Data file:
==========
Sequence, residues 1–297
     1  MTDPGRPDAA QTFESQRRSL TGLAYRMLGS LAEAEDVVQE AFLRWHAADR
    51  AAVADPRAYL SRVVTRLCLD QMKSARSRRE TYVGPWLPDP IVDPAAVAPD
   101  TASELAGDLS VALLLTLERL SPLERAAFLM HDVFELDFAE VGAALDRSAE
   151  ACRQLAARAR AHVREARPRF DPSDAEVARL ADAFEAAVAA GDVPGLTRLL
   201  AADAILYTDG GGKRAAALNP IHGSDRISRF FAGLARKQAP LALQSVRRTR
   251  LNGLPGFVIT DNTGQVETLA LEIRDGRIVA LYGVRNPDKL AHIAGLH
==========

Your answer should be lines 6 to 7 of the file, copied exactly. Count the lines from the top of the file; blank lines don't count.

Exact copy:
   201  AADAILYTDG GGKRAAALNP IHGSDRISRF FAGLARKQAP LALQSVRRTR
   251  LNGLPGFVIT DNTGQVETLA LEIRDGRIVA LYGVRNPDKL AHIAGLH